Windows 8's user share growth slowed significantly last month, hinting at further trouble for the struggling operating system, new statistics from an analytics company showed today.
The operating system's user share grew by the smallest month-over-month amount since its launch in October 2012, said Web measurement vendor Net Applications. At the end of July, Windows 8 accounted for 5.9% of all systems running Windows, an increase of three-tenths of a percentage point compared to June.
From November 2012 through July 2013, Windows 8's user share grew by an average of six-tenths of a point each month, with lows in February and April of five-tenths and a high in June of nine-tenths of a percentage point.
July's increase was about a third of June's.
The slowdown is most likely tied to the continuing problems of the personal computer industry, which has seen five consecutive quarters of contracting shipments. The consumer side of PC sales has been especially hard hit, as customers opt instead for tablets in lieu of new PCs, either letting their current machines age even more or forgoing purchases entirely.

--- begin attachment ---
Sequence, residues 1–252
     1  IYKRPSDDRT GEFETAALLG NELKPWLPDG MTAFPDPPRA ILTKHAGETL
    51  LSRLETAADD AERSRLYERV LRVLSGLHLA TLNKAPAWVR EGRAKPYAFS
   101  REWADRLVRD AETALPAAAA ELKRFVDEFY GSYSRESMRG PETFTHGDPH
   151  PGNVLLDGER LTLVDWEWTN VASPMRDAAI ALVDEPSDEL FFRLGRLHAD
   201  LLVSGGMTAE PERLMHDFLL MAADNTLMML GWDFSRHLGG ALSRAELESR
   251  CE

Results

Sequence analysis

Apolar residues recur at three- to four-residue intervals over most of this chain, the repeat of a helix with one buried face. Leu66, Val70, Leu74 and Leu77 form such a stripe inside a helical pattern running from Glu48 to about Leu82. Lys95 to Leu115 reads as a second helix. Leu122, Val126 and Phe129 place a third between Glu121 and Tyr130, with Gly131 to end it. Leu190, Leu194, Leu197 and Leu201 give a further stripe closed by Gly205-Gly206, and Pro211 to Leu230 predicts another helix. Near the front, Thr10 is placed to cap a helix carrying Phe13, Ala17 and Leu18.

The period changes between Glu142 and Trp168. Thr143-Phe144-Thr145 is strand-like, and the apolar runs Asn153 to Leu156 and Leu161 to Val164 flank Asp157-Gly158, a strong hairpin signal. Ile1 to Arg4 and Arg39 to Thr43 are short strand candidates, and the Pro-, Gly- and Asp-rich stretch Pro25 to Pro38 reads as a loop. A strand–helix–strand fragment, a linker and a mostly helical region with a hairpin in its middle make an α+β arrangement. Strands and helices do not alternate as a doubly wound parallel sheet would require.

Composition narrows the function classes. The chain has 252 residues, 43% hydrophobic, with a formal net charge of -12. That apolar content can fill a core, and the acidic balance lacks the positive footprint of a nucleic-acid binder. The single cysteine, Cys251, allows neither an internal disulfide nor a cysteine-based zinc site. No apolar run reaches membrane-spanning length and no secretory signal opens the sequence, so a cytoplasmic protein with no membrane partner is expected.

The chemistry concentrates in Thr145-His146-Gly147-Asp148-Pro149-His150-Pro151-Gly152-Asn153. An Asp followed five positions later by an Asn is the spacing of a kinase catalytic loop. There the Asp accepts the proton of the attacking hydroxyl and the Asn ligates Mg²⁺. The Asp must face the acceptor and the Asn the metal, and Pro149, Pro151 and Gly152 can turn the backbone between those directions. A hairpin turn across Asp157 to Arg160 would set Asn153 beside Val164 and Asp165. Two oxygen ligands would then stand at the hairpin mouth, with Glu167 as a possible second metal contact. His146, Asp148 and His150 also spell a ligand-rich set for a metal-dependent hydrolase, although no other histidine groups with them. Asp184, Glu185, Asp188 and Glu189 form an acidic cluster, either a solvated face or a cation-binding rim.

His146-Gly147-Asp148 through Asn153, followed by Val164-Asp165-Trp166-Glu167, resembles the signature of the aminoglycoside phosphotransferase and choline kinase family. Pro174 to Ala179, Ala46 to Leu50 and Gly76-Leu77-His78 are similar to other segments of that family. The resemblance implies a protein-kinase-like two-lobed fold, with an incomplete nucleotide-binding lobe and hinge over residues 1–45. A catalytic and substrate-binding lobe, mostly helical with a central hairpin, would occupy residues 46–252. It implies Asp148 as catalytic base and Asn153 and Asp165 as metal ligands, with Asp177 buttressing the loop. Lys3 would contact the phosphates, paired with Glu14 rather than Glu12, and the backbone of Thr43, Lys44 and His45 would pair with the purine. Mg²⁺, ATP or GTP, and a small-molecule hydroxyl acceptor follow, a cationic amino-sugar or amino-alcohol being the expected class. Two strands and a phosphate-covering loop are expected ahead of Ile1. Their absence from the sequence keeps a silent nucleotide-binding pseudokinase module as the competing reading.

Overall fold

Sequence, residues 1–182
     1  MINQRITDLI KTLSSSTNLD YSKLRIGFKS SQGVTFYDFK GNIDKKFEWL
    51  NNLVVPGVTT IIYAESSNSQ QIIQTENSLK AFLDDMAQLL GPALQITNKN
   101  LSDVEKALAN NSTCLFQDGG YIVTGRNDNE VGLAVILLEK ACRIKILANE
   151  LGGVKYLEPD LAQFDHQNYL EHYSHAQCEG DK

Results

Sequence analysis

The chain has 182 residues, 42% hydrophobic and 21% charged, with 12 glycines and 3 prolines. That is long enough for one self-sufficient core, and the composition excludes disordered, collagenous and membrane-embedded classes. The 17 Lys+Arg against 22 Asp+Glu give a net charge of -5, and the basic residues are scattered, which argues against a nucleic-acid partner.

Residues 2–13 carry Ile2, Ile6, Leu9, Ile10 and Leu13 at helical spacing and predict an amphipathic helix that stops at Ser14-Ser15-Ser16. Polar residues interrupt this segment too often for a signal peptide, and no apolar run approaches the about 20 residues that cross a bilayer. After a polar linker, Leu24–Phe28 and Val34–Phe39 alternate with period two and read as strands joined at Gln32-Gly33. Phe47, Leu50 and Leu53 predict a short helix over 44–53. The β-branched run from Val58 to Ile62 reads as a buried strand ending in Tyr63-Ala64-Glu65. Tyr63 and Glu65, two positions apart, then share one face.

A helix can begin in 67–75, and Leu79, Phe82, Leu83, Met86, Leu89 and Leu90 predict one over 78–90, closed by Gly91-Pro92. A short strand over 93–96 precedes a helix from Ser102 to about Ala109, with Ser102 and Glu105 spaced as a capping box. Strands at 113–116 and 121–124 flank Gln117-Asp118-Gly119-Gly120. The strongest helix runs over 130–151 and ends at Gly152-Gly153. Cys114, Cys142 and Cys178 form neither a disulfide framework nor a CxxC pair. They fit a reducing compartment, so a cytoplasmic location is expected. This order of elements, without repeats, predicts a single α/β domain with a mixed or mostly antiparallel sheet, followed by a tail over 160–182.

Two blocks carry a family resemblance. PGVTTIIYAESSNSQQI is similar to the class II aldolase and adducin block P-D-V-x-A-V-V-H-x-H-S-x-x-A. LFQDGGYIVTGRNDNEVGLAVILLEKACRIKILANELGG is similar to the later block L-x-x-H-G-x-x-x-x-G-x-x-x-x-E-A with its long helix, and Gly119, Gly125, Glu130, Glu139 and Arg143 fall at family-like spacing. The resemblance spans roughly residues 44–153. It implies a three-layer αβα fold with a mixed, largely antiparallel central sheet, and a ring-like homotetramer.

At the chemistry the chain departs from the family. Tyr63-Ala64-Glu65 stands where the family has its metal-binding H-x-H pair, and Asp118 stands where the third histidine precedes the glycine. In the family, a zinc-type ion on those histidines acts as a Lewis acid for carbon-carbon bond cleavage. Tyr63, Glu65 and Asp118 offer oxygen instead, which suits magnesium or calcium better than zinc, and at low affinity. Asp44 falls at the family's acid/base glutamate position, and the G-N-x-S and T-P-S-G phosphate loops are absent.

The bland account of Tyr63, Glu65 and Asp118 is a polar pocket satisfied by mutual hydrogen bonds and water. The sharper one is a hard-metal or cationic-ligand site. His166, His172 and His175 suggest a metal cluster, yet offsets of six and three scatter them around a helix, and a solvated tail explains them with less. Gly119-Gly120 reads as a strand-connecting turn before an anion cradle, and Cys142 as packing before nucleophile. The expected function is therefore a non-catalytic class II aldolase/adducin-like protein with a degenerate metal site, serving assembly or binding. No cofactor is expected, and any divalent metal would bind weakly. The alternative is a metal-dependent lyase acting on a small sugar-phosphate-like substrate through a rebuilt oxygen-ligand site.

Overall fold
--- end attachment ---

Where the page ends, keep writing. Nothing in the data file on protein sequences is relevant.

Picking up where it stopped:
By IDC's estimates, PC shipments fell 11% in the second quarter compared to the same period the year before. Consumer sales have tanked even more, as businesses accounted for the majority of purchases.
Windows 8 has been hit particularly hard by the downturn in consumer computer sales, since enterprises have been hesitant to migrate, leaving only individuals and very small businesses willing to take the plunge and run the radically-changed OS.
Microsoft hopes to turn around Windows 8's fortunes with the free Windows 8.1 upgrade, planned for launch this year. Windows 8.1 is to hit "release to manufacturing," or RTM, a Microsoft label for a finished product, later this month.
Meanwhile, Windows XP -- the operating system slated for retirement in April 2014 -- continued to resist elimination: XP's July user share was 40.6%, the same as in June.
Net Applications measures operating system share by tracking unique visitors to some 40,000 websites operated by its customers.
Gregg Keizer covers Microsoft, security issues, Apple, Web browsers and general technology breaking news for Computerworld. Follow Gregg on Twitter at @gkeizer, on Google+ or subscribe to Gregg's RSS feed. His email address is firstname.lastname@example.org.
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